Not for the first time a landlocked country in Africa is attempting to have a say in a remote port operation which functions as a major gateway for its import and export trade. This time it is Uganda proposing that it has a say in the management of Kenya’s major port, the port of Mombasa. In the recent past it was Ethiopia attempting to secure a dedicated terminal in Djibouti.
The Ugandan initiative surfaced at a recent ‘Validation Workshop on Uganda’s Position on the Single Customs Territory for the East African Community. The Permanent Secretary Ministry of EAC Affairs, Edith Mwanje said that Uganda should have a say in the management of gateway ports because of “the many delays that negatively impacted trade”. Ugandan cargo accounts for the largest body of traffic handled by the port of Mombasa for the landlocked countries surrounding Kenya.
It is unlikely, of course, that any country will give up even partial control of a national asset to another country. It is akin to relinquishing sovereignty in the minds of countries owning port assets and being asked to participate in some form of power sharing. Djibouti fought hard to prevent Ethiopian Shipping Lines gaining control of dedicated terminal assets in the old port of Djibouti and won this battle. It is very unlikely that Kenya will even consider the idea of a foreign power participating in the management of its number one port.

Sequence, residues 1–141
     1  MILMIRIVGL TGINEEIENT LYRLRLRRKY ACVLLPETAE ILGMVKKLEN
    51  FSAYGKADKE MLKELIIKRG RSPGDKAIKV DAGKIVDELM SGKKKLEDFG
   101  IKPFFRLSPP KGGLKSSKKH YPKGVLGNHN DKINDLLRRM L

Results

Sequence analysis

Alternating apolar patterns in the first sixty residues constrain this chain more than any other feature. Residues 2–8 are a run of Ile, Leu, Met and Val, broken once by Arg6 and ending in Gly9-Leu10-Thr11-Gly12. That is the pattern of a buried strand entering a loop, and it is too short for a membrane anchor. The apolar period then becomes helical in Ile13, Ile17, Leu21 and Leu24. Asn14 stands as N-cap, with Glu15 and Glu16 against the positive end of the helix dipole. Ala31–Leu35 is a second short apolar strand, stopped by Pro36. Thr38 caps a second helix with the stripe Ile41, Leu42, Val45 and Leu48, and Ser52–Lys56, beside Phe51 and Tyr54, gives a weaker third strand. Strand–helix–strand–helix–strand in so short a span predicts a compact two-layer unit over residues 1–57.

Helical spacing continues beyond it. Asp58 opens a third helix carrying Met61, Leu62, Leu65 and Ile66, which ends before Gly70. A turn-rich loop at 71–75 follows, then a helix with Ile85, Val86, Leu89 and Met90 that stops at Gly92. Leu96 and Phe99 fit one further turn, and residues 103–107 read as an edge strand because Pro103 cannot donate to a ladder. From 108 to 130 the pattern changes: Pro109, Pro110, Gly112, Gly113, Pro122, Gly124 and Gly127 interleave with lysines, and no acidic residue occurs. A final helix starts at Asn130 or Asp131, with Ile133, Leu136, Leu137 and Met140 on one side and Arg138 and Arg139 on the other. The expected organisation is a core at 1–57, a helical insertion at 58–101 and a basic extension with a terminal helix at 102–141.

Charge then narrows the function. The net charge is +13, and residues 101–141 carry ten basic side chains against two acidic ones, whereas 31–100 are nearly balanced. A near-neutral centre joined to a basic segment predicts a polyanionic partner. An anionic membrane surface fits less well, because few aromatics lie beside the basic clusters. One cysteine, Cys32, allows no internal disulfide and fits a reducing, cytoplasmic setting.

It may, however, be a wise course of action for countries such as Djibouti and Kenya to consider establishing some sort of regular stakeholder dialogue. This is the path to a long and sustainable relationship as opposed to a short opportunistic one.
It is known, for example, that in the past Ethiopia has been frustrated by the high price of gateway container and general cargo operations in Djibouti and this has led to tensions. Since these days, however, Djibouti has put considerable effort into having a sensible dialogue with Ethiopia and this has matured into new projects such as the signing of an agreement with Ethiopia and Djibouti to build an oil pipeline that will reduce South Sudan’s dependence on crude shipments via neighbouring Sudan, and plans for a $2.6bn liquefied natural gas terminal in Djibouti, including a liquefaction plant and a pipeline, that will enable the export of 10m cubic meters of gas from Ethiopia to China annually from 2016.
Source and Picture credit: Portstrategy.com
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